1. This site uses cookies. By continuing to use this site, you are agreeing to our use of cookies. Learn More.
  2. Discuss politics - join our community by registering for free here! HOP - the political discussion forum

UK: Worst developed country for Kids

Discussion in 'Culture & Religion' started by Ebaum, Feb 16, 2007.

  1. Ebaum

    Ebaum New Member

    Joined:
    Feb 16, 2007
    Messages:
    10
    Likes Received:
    0
    Trophy Points:
    0
    The UK is the worst place in the entire developed world for a child to grow up, according to the United Nations.
    Unicef, the organization's charity for children, says Britain has the most unhappy, poorest, unhealthiness and most neglected children of the world's 21 richest nations.
    Its latest report shows the UK languishing at the bottom of 40 different indicators for child welfare.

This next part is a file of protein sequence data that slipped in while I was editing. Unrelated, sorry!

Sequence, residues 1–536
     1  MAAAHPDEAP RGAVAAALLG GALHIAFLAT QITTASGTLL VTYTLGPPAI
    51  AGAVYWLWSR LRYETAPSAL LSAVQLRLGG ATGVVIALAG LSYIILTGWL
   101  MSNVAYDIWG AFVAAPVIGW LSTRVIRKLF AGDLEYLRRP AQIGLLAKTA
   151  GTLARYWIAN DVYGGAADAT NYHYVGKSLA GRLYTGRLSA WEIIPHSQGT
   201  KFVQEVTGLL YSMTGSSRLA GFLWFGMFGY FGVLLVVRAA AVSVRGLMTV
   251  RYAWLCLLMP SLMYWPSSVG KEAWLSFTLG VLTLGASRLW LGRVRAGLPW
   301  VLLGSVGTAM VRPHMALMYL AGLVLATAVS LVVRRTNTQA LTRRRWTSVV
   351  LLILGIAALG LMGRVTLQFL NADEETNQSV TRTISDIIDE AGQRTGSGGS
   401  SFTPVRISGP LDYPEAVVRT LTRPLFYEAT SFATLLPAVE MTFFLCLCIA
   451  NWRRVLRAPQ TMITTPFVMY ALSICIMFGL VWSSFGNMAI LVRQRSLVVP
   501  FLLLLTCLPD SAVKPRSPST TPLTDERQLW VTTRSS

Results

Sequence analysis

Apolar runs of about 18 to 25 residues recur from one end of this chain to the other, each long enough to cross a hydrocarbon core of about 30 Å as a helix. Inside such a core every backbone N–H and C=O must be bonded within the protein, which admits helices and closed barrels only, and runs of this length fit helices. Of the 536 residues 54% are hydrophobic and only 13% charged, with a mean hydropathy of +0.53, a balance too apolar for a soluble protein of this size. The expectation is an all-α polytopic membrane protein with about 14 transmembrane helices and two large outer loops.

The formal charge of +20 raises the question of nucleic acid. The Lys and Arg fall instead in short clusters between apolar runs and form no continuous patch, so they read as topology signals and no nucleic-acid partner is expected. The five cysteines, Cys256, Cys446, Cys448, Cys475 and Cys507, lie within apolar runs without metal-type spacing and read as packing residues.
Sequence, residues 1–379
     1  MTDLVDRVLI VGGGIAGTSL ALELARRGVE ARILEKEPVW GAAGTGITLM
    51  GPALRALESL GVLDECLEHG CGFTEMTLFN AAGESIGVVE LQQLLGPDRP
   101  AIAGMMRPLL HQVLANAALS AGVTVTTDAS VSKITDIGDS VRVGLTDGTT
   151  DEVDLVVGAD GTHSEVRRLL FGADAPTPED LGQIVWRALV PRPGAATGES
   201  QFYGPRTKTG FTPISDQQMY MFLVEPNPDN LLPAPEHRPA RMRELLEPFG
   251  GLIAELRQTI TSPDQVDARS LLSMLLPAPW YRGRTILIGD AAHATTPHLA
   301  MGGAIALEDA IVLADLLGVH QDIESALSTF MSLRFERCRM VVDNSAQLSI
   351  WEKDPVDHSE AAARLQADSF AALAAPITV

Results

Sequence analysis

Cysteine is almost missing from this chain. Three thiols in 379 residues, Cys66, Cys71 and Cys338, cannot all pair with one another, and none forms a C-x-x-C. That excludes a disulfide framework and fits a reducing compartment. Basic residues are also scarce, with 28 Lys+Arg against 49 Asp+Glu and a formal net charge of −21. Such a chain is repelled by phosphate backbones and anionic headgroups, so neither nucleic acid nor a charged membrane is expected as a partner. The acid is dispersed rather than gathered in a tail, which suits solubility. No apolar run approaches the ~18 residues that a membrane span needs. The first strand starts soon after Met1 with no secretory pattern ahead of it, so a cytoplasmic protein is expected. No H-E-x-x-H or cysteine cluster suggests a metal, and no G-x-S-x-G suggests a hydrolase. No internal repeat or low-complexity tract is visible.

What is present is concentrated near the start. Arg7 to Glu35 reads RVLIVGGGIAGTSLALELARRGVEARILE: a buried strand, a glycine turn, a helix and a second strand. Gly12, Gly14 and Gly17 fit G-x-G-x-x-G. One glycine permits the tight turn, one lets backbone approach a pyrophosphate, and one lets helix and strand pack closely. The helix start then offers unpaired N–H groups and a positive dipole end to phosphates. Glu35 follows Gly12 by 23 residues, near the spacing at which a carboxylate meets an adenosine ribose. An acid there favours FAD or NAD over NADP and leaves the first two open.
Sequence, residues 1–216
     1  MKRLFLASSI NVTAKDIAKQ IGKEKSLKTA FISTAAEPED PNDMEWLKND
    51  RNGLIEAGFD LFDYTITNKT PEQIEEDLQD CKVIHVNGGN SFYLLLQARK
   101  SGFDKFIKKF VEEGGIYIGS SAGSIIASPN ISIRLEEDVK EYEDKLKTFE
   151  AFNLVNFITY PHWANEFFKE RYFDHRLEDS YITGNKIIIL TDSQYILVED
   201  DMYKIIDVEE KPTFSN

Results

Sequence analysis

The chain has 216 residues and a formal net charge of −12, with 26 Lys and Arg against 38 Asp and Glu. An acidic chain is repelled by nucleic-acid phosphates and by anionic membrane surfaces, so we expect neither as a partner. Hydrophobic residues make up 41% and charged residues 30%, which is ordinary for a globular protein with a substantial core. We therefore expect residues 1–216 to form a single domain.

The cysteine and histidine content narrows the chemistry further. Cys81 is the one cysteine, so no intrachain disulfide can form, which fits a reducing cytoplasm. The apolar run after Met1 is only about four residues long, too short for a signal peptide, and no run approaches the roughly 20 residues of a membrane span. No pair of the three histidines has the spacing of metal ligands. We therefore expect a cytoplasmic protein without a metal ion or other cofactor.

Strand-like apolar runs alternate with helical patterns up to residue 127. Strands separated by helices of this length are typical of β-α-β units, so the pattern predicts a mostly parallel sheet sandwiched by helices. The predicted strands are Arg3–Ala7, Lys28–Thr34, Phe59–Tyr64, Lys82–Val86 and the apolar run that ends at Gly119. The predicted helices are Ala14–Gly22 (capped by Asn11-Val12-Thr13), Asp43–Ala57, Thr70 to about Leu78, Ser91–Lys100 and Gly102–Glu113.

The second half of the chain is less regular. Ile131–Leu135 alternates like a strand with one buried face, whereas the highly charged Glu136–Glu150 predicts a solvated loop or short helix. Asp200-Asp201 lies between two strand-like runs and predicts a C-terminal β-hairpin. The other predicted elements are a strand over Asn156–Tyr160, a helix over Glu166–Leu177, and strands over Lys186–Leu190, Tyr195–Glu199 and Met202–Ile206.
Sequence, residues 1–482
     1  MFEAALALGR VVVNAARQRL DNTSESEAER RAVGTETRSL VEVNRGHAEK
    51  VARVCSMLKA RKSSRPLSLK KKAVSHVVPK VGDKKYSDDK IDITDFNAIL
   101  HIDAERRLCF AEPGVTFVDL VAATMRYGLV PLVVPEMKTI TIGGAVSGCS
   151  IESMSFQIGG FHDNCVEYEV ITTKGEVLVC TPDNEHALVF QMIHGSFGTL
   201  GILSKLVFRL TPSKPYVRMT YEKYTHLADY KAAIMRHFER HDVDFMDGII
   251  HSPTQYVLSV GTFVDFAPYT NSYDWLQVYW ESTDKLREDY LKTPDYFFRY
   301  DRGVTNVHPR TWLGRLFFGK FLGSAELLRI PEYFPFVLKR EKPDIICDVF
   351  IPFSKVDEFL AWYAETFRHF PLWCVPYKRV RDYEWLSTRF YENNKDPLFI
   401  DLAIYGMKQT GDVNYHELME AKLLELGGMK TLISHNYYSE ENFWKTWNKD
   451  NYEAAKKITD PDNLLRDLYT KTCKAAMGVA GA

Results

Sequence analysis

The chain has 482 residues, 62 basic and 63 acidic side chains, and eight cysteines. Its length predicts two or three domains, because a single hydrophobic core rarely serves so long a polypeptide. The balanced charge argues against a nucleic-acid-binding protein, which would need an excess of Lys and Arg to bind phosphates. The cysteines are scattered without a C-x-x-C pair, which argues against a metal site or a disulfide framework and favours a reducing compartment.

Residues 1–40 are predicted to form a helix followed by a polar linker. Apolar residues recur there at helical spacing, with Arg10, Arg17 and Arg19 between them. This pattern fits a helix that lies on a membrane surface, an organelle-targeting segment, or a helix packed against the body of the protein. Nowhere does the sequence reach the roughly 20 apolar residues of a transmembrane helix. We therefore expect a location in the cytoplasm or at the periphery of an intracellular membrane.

The news will come as a big blow to the Government, which has made halving child poverty by 2010 one of its key goals.
    The Unicef report says the UK lags behind in terms of relative poverty and deprivation.
    Britain also fares poorly when it comes to the quality of children's relationships with their parents and peers, child health and safety, behavior and risk-taking and young people's own sense of wellbeing.
    The country rated higher for educational wellbeing but languished in the bottom third for each of the other measures, giving it an overall placing at the bottom of all 21 countries, along with the US.
    The assessment, titled Report Card 7, Child Poverty in Perspective: An Overview of Child Wellbeing in Rich Countries, is the first study of childhood across industrialized countries, Unicef said.
    North European countries dominated the top half of the table, with child wellbeing at its highest in the Netherlands, Sweden, Denmark and Finland.
    Unicef UK executive director David Bull said: "All countries have weaknesses that need to be addressed and no country features in the top third of the rankings for all six dimensions.
    "By comparing the performance of countries we see what is possible with a commitment to supporting every child to fulfill his or her full potential."
     
Loading...

Share This Page